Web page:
The leap that takes place during the socialist construction, i.e. during the transition from capitalism to communism, is qualitatively higher than any previous one, since communist relations, as non-exploitative, cannot be formed in capitalism. The political revolution is the precondition for these new relations to be imposed and dominate, i.e. the conquest of power by the working class and the establishment of its own state, the dictatorship of the proletariat. 
 
This is a basic difference in the transition to the communist socioeconomic formation in relation with the previous. In the framework of the transition from an exploitative socioeconomic formation to another, the new relations could be developed and dominate first in the confines of the previous socioeconomic formation and then, as the last part of this process, the class that was the bearer of the new relations struggled for and took power. This happened for example in relation to capitalism. 
Capitalist relations were first developed and dominated within the confines of feudalism, which brought about an unavoidable conflict between the rising bourgeois class and the class of the feudalnobility that was declining. The great bourgeois revolutions completed the absolute domination of the bourgeoisie through the seizure of political power, which of course was necessary in order for the capitalist relations to dominate everywhere and become fully developed. 
 
But, communist relations are non-exploitative relations. Only their preconditions are developed within capitalism. Their appearance and domination requires the abolition of capitalist ownership of the means of production, which can only be done after having overthrown capitalist power and its state.
 
Thus, the dictatorship of the proletariat has a ‘’double’’ duty. On the one hand to suppress and overcome the efforts of capitalists to retake the power, on the other to form and develop the new relations, a task that is longterm and includes the whole period of the socialist construction, which is the period of the social revolution.
 
The task of the revolutionary workers’ power is to deepen and expand the communist relations in production and distribution, to form the new communist consciousness, the new man. This task is complex and long-term and includes economic, political, cultural, educational activity of the dictatorship of the proletariat, under the guidance of the Communist Party.
 
The core of power and the character of the organs of power.
 
Revolutionary workers’ power, the dictatorship of the proletariat, expresses a higher form of democracy, having as a basic feature the active participation of the working class in the construction of the socialist society.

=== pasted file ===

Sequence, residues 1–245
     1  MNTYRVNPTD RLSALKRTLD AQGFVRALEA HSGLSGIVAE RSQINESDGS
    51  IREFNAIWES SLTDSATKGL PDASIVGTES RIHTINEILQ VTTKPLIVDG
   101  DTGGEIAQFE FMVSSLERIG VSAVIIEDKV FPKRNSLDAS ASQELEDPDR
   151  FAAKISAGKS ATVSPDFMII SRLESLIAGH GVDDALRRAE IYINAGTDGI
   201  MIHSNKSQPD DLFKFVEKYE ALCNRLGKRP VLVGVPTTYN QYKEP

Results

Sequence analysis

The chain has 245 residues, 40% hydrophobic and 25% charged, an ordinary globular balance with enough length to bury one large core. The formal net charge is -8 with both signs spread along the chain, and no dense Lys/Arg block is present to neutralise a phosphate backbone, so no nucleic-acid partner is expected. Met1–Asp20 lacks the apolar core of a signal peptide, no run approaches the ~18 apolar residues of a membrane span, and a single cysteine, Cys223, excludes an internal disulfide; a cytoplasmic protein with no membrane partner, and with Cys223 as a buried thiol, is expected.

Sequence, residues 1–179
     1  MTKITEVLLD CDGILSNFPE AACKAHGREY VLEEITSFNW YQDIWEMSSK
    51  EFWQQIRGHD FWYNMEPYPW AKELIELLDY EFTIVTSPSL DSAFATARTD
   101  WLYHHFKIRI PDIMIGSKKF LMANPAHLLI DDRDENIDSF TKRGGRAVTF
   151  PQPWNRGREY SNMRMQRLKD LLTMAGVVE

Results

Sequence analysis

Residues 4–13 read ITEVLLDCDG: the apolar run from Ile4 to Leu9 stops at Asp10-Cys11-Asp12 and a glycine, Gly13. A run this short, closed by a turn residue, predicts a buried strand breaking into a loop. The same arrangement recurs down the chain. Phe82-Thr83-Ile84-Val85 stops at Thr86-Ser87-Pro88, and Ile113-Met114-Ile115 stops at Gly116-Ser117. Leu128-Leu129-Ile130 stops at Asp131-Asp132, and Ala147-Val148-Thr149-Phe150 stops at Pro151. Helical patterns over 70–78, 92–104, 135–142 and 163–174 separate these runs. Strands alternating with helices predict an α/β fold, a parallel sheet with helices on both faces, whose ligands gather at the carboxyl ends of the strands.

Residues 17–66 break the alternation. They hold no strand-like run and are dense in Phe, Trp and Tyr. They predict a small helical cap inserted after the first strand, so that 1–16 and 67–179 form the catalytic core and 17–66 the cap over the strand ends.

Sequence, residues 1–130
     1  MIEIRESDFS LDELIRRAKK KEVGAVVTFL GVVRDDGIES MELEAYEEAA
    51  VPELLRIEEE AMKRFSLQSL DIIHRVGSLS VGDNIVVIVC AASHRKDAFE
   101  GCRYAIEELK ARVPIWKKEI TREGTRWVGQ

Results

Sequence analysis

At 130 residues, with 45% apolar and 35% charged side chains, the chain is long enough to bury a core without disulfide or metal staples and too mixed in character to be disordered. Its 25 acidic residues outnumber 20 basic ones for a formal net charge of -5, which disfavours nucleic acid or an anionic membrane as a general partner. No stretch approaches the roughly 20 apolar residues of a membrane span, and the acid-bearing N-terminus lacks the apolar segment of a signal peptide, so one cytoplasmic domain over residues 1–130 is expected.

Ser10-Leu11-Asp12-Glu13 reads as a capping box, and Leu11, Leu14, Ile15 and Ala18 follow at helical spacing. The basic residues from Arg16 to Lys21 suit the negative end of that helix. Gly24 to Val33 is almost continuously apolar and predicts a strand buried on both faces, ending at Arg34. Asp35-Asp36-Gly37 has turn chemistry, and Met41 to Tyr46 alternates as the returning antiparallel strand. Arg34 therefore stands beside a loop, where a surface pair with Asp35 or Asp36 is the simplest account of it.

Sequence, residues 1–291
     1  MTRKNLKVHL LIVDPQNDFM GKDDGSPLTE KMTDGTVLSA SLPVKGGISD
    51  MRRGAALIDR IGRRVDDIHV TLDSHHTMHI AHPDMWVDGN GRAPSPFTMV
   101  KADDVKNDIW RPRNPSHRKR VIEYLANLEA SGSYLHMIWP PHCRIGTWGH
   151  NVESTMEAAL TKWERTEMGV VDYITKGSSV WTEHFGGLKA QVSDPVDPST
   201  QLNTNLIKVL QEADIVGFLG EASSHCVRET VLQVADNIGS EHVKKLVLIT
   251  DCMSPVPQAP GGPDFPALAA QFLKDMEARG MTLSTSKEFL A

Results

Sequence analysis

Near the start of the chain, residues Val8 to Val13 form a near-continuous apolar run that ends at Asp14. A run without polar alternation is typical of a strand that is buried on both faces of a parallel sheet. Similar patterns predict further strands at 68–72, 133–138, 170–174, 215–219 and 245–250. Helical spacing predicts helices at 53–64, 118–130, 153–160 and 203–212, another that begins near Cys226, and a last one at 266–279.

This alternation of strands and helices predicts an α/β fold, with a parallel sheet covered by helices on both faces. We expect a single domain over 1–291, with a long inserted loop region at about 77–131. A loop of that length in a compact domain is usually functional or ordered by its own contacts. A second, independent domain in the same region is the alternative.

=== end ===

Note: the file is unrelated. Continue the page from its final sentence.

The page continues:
Democratic centralism is a fundamental principle in the formation and functioning of the socialist state the direction of the production unit, every social service. That is, the united will and action of society in the direction of socialist construction, the active participation in making and implementing decisions, the subordination of the will of the minority to the will of the majority, the ability to elect and recall the organs of power. Revolutionary workers’ power will be based on institutions that will be born from the revolutionary struggle of the working class and its allies. The bourgeois institutions will be replaced, after being overturned, by the new institutions of workers’ power.
 
The Communist Party of Greece through its resolutions has set some basic principles regarding the characteristics of the workers’ power, the dictatorship of the proletariat.
 
The representatives in the organs of power will be elected and recalled (if necessary) by the assemblies of the workers in the production unit, decisions will be made, control will be exercised . The representatives for the intermediate institutions will be elected and recalled directly ; there will be indirect representation through the assemblies of the representatives of the highest organs of power (i.e. the representatives to the intermediate organs will elect the representatives to the highest organs of power). The representatives will not have privileges, they will have responsibilities and they will be accountable ‘’to those below’’.
 
The organs of power that are elected by the workers in the production units have as their tasks the specialization of the central planning, the implementation of the tasks of social production, the social services, the cultural development, the protection of the revolution. There, at the level of the production unit, the participation of the working class is established and ensured, from the ‘’bottom’’ to the ‘’top’’, as is the exercise of workers’ control, the criticism of decisions and decrees, complaints about arbitrary and subjective attitudes, bureaucratic attitudes, weaknesses and deficiencies that can appear during the socialist period.